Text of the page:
• In finding for the employer in this case, the Adjudication Officer held that it was clear that eight weeks’ paid sick leave was more beneficial than three days and 100% of pay is more beneficial than 70% of pay under the statutory scheme. They also took into account the fact that the respondent’s sick leave scheme was the result of negotiations with unions and that since the enactment of the collective agreement, the parties had not initiated any discussions to change the policy. The Adjudication Office held that the policy of having three ‘waiting days’ and the requirement to have six months’ continuous service was outweighed by the duration of paid sick leave and the amount of sick pay.
  • Right to return to work following maternity leave
  • In finding for the employee in this case, the Adjudication Officer found that the complainant had been demoted and side-lined on her return from maternity leave; that both the complainant’s job and prior reporting line disappeared; and that there was a clear thread of discrimination from the point of her return from protective leave to the point when she went on certified sick leave. The Adjudication Officer found that the respondent did not understand its legal duties and obligations to female employees re-entering the workplace on return from a period of protective leave. The complaint was awarded €31,000, for “the effects of discrimination”, which was the equivalent of approximately one year’s salary.
  • Penalisation for having made a protected disclosure.
  • As well as finding for the employee in respect of her unfair dismissal and terms of employment claim, the Adjudication Officer also held that the nature and extent of the penalisation following the making of a protected disclosure were of such an egregious nature as to merit the maximum award of compensation. The complainant was awarded €91,000, amounting to five years’ remuneration. This was a major decision which, although described by the Adjudication Officer as being a “most exceptional” case, does demonstrate how high the awards can be in protected disclosure cases. This should be a warning to all employers to treat these matters seriously, particularly taking into account the massive increase in protected disclosure complaints being lodged with the WRC at present.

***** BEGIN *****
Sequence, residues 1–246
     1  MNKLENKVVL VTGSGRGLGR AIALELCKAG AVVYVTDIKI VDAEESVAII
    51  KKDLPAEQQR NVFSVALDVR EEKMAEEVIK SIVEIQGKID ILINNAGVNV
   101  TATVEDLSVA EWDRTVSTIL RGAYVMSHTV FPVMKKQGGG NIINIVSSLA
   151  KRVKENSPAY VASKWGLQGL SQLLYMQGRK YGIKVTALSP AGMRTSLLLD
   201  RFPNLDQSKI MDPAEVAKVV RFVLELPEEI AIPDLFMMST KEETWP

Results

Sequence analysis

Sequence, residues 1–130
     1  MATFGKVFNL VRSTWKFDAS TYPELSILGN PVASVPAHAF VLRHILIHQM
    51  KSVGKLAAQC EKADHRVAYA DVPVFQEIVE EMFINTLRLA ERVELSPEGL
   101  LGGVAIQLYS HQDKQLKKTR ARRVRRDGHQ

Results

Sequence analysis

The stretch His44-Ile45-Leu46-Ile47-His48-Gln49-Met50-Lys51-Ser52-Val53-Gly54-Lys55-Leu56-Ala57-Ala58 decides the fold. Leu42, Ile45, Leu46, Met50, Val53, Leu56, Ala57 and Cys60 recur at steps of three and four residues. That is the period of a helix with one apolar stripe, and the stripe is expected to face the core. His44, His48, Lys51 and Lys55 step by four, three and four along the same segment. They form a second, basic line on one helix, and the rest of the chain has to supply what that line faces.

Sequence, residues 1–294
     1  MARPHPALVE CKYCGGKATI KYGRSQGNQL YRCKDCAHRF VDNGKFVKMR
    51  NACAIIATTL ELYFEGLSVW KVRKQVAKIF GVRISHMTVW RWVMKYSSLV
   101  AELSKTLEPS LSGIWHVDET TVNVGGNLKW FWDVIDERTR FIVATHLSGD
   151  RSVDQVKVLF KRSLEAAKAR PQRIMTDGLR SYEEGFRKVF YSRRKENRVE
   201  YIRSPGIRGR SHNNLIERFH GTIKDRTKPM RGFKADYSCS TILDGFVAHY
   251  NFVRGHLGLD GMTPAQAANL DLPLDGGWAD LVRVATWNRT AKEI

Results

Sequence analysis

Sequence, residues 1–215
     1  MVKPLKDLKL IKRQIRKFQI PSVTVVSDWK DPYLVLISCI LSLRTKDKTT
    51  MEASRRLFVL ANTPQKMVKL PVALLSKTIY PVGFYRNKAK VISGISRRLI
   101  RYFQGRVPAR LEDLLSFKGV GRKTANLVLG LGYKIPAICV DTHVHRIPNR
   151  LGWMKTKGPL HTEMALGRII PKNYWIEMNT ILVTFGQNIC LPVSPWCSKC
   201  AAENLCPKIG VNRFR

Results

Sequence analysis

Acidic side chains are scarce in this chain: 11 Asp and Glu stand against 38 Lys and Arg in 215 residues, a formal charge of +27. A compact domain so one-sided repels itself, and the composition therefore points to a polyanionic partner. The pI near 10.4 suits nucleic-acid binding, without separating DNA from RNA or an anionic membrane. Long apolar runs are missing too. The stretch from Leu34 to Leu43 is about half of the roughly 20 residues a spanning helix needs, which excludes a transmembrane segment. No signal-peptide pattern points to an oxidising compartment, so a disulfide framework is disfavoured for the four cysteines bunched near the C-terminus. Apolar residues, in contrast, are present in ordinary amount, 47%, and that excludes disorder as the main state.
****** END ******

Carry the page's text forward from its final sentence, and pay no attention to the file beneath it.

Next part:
Given that fact that WRC hearings are now held in public, with the parties being named in most cases, it’s no surprise that there has been in increase in the number of parties seeking to access the WRC’s mediation services to try and resolve disputes without the need for a public hearing. There was a 19% increase in the number mediations held when compared with the previous year, with 127 mediations being held over the course of 2023. This is a 57% increase when compared with 2021 and the overall resolution rate of mediation increased to 56% in 2023, so it seems mediation is here to stay and parties are utilising it.

Since September 2022, the WRC has been piloting a ‘late request’ mediation service, whereby parties who have an upcoming scheduled hearing can access mediation without postponing the hearing. These late requests can’t always be facilitated and it will often depend how close to the hearing date the request is made and whether there are any WRC mediators available. However, this service has a 52% success rate so definitely a route for employers to consider. We find this option arises where employers may not have assessed the risks of the case until the hearing is scheduled or where material witnesses that are critical in assisting employers in defending the case are no longer available.